The Nd:YAG laser procedure of which the present invention is an improvement, uses a Nd:YAG laser to destroy the endometrium by means of photocoagulation. This results in a photodynamic ablation of the endometrium and for that reason it is used in the treatment of mennorhagia. A suitable Nd:YAG device for use in this process is made by Cooper LaserSonics, Inc. and is sold and identified as Model 8000.
During the procedure fluid, preferably a liquid such as saline is constantly infused into the uterine cavity to provide distension and visibility; to act as a heat sink; and to wash out any blood and debris produced by firing the laser.
The improvement comprises the step of placing a retrievable ostia plug into the opening of each fallopian tube just before subjecting the diseased tissue to the laser and then removing the plugs from the tubes after the laser procedure has been concluded.
The placement of the ostia plugs is performed via direct visual observation with a hysteroscope. The plug may be mounted on a delivery device and transferred via either backloading the device by direct placement of the lug on a mounting device already placed through an operating channel of an operating hysteroscope or by direct placement (front loaded) onto a delivery device and passed in situ through the operating channel and placed at the tubal ostium. A conventional delivery device is used which is flexible and which is placed through an operative hysteroscope channel. The delivery device is capable of releasing the plug and seating it at the ostium.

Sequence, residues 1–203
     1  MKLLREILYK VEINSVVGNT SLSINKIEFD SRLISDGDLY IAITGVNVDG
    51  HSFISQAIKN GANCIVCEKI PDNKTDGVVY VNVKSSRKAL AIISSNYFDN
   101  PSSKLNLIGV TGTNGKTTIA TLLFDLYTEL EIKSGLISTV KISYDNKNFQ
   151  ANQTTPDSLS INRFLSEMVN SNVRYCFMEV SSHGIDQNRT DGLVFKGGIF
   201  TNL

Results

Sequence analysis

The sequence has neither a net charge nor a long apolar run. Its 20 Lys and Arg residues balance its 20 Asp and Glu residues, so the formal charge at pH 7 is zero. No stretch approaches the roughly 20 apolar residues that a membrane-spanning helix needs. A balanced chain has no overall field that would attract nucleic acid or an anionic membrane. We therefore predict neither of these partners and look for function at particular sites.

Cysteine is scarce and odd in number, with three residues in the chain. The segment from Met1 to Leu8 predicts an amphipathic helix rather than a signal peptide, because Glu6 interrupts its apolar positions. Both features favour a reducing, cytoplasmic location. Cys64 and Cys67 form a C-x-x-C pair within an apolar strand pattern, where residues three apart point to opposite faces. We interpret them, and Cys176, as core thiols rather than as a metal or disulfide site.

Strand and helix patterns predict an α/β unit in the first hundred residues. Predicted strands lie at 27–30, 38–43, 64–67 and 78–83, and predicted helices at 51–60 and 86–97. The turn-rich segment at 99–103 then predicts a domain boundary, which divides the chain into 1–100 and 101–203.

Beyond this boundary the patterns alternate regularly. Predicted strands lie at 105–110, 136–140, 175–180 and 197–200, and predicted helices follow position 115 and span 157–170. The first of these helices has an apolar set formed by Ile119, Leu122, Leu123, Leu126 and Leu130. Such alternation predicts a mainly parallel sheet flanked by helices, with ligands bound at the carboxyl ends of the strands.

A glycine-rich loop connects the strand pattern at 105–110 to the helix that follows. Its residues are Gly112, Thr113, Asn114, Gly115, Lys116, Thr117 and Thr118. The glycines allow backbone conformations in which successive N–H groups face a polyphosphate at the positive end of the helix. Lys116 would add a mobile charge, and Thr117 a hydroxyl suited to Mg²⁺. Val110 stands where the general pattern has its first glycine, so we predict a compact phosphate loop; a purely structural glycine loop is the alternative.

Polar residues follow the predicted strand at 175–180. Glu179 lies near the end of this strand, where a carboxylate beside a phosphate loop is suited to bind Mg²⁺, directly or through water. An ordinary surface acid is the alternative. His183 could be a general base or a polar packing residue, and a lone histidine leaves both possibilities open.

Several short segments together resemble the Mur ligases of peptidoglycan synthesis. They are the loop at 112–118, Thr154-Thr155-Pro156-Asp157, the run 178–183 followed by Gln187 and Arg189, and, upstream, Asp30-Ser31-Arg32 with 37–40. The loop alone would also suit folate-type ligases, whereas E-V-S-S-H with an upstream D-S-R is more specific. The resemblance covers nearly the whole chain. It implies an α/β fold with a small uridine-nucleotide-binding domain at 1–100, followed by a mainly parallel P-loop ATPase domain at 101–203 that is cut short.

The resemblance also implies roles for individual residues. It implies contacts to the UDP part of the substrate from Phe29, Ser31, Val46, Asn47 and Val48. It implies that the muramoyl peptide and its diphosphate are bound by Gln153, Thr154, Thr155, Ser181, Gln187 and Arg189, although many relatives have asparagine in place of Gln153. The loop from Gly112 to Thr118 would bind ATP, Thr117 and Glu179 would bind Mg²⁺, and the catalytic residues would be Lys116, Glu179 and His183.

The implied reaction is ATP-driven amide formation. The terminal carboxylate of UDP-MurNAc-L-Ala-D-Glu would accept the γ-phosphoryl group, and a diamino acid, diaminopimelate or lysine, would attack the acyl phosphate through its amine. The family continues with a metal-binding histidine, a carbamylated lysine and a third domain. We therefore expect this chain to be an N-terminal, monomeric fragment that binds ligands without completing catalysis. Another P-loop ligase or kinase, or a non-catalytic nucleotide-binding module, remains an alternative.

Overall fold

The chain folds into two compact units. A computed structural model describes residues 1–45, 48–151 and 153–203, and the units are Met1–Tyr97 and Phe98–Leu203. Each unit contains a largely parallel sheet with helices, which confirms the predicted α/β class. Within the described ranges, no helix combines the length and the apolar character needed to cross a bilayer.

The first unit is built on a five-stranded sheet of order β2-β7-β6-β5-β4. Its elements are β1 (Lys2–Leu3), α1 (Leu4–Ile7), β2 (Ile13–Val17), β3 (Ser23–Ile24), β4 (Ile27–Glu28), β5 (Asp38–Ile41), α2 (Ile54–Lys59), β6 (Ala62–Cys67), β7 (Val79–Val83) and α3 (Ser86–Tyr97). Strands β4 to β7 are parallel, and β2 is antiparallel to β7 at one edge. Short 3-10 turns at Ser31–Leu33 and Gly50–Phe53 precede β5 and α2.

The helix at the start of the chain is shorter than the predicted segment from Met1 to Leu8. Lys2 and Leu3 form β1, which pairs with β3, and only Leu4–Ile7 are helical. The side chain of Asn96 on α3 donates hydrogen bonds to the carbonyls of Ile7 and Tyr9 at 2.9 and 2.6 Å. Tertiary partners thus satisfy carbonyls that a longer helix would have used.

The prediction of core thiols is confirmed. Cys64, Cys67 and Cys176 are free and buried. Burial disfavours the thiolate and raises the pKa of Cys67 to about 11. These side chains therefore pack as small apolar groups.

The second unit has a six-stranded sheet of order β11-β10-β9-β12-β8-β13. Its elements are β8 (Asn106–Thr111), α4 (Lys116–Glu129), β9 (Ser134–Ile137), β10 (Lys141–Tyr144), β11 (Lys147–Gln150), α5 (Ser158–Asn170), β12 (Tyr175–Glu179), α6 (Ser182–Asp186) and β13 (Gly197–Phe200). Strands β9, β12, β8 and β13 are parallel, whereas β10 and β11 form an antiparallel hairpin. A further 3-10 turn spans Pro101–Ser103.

Conventional hysteroscope delivery and retrieval devices may be used to insert and retrieve the ostial plugs. For this purpose, the ostial plugs are sized to fit the flexible Wolfe Hysteroscope 5 French and 7 French instruments Nos. 829.15, 828.17 and 829.17. In practice, the ostial plug is mounted on the tip of the loading device and the device is fed preloaded through the operating channel of the hysteroscope. Alternatively, the flexible Wolfe delivery device may be placed in the hysteroscope operating channel and the ostial plug mounted with the delivery device in situ (after loading). The hysteroscope instrument with the ostial plug device in place is then inserted through the cervix and into the uterus where the plug is placed into the tubal opening.
A loading device which is essentially in the form of a plunger may be used to place the ostial plug into the tubal opening. When using a plunger device, the ostial plug is again either placed on the loading device prior to placement in the operating sheath of the hysteroscope (preloaded) or after placement in the operating channel (after-loaded).